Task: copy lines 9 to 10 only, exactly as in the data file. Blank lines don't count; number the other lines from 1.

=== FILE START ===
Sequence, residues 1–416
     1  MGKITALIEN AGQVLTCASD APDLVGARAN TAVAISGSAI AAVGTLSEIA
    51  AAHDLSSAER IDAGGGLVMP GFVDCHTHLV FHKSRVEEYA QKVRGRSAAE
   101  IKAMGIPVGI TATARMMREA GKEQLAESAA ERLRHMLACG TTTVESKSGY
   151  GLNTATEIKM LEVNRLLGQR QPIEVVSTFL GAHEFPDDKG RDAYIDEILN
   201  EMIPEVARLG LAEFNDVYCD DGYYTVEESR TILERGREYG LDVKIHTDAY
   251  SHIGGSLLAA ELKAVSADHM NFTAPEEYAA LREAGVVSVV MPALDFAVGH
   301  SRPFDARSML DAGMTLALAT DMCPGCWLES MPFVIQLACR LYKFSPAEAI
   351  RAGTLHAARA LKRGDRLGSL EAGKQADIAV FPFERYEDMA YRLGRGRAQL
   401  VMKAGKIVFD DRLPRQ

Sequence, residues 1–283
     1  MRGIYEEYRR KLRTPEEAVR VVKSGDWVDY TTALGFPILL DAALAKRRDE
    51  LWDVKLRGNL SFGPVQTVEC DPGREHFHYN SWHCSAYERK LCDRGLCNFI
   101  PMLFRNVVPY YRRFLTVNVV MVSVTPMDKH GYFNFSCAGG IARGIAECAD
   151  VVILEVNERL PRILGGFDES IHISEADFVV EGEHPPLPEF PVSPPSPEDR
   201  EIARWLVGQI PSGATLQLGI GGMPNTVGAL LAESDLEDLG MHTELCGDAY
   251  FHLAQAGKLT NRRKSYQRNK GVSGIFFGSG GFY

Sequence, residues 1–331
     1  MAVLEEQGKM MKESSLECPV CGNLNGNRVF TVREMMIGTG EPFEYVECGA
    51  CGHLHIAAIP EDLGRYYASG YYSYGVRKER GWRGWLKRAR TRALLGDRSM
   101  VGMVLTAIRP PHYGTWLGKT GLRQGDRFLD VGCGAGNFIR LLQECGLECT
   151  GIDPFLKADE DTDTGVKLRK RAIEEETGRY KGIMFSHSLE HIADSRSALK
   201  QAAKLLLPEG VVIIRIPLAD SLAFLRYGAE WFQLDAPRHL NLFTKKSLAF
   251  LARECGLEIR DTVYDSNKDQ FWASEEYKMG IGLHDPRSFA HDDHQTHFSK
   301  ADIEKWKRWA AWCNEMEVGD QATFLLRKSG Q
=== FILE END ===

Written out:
   351  RAGTLHAARA LKRGDRLGSL EAGKQADIAV FPFERYEDMA YRLGRGRAQL
   401  VMKAGKIVFD DRLPRQ